The March 2 LEO Weekly article “Lien on me” provided an example of how corporations collude with government, and government does not usually act as a counterweight to corporate power but often amplifies it. Thus limiting government power may limit government’s ability to give out special favors to select corporations.
The other issue is what should be done to make the situation better. I believe there are three actions that should be taken. First, local governments should not be permitted to sell tax liens. Surely they have the resources to do their own collecting. Perhaps as part of this, they can improve their notification systems to delinquent taxpayers. Also, sending someone out to the taxpayer to work out a solution might be helpful.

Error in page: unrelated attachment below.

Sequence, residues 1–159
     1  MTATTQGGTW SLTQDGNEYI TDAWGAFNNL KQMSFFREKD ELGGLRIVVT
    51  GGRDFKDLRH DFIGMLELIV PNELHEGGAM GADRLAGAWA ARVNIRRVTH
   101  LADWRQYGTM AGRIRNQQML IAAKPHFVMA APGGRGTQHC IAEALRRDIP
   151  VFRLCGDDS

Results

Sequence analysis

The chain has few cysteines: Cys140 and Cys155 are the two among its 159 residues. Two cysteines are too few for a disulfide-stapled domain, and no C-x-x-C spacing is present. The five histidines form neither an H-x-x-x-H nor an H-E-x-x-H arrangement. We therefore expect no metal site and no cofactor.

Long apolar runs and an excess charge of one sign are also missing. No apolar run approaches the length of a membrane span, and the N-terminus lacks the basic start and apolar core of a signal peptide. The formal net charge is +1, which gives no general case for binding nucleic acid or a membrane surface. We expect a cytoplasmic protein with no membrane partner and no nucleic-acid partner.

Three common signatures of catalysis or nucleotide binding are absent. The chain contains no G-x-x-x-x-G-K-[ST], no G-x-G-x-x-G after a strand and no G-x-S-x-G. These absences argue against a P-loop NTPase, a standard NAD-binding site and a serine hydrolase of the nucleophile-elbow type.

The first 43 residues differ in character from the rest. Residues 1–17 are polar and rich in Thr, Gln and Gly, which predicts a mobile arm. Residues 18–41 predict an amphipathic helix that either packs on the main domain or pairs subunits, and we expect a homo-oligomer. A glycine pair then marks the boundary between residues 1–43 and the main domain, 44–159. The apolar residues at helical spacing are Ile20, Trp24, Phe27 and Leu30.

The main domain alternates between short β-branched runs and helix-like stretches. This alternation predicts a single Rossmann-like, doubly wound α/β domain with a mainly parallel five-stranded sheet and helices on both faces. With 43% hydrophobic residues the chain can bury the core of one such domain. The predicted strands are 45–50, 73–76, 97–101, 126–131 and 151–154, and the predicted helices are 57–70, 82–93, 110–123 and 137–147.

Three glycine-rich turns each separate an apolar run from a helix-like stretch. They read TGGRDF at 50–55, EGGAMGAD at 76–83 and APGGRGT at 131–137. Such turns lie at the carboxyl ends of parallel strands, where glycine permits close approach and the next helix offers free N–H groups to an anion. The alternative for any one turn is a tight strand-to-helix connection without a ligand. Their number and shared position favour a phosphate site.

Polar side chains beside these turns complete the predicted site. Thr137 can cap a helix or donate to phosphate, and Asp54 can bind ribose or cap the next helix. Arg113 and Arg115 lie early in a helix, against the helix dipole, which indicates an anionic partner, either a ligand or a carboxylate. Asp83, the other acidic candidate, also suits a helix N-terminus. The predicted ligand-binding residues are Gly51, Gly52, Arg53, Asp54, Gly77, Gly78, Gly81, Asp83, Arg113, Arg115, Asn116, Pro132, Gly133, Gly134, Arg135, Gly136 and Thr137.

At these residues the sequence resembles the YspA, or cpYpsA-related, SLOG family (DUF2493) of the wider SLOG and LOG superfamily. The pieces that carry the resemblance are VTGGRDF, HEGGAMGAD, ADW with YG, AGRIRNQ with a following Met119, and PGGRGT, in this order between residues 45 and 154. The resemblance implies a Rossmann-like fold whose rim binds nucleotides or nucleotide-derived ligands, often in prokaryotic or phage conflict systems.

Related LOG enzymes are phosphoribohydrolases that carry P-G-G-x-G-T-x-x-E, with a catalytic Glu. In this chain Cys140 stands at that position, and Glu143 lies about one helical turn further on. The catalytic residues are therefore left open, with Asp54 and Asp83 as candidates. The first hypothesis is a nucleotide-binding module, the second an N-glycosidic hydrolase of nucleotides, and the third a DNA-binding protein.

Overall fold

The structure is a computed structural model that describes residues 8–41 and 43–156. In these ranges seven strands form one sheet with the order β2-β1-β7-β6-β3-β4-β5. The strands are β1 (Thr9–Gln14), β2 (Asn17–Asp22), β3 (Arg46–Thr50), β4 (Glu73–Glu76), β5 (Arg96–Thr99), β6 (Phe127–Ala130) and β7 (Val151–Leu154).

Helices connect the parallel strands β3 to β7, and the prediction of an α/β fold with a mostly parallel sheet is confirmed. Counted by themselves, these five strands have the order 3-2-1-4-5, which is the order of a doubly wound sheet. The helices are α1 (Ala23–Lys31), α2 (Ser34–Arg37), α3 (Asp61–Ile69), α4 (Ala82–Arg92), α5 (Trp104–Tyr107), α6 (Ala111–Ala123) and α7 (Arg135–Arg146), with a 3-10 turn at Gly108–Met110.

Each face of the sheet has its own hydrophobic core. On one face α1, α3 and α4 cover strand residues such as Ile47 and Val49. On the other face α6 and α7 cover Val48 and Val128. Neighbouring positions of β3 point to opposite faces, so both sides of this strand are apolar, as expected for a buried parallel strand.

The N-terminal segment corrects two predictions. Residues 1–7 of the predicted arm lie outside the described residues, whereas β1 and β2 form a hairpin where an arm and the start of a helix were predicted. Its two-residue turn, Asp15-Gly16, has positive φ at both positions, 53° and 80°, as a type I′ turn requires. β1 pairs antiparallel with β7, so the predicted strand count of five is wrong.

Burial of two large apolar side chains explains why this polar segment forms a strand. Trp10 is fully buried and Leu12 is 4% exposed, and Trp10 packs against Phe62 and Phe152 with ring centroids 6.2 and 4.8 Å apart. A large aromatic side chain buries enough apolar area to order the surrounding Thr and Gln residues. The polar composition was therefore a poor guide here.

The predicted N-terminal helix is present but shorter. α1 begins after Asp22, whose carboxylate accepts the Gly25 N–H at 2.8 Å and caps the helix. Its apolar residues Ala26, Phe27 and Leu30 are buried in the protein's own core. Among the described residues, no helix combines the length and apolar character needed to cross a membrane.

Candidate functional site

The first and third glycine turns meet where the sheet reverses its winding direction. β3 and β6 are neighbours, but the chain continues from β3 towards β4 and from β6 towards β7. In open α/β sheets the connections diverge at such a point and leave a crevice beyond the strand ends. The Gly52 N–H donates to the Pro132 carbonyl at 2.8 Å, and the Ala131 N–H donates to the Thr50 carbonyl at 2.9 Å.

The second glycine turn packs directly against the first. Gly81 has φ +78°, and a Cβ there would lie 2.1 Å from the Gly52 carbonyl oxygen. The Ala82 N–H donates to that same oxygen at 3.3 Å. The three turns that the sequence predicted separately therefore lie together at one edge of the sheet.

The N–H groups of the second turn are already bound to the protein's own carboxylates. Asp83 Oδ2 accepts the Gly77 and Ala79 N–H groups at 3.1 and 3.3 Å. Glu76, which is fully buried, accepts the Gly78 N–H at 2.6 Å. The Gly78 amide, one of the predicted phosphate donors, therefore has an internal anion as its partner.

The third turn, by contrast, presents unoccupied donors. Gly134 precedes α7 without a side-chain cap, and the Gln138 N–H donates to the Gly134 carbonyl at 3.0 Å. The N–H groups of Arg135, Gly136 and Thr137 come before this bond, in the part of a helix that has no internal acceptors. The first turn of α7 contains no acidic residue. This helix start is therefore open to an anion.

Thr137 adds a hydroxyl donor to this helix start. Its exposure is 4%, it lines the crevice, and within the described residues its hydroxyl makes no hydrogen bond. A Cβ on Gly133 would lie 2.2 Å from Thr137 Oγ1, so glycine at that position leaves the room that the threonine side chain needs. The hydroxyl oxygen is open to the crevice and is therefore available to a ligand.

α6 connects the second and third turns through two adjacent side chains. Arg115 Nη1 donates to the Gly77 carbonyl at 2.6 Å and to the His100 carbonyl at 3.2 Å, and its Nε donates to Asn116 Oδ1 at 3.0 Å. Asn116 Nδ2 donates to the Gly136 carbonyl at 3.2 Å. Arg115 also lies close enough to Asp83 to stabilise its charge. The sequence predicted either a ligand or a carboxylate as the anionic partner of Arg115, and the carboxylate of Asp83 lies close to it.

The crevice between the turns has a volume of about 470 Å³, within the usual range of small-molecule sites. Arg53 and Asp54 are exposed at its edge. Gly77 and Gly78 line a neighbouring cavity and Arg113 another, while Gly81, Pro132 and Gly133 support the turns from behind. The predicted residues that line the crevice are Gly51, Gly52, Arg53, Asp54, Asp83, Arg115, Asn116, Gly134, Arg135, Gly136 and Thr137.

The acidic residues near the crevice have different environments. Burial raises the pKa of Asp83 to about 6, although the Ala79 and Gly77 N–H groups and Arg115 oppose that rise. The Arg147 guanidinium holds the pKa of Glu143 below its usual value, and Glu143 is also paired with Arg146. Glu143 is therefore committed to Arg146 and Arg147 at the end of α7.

Second, property taxes should be means tested. Too often, property tax is a way for separating low-income people from their land. In addition to the racket for fees extracted by corporations and the resulting profitable resale of the property, from the perspective of the local government, churning the real estate market is good for the government’s books, not least because new buyers may improve the property to raise its value, which in turn increases property tax revenues.
The third action is something we can do. Wouldn’t it be productive if a fund were established to pay the overdue taxes of low-income folks in Metro Louisville? I don’t know for sure how this could be done, but I would contribute to such a fund.
Rich Mills, Shawnee
Sacred Security Cow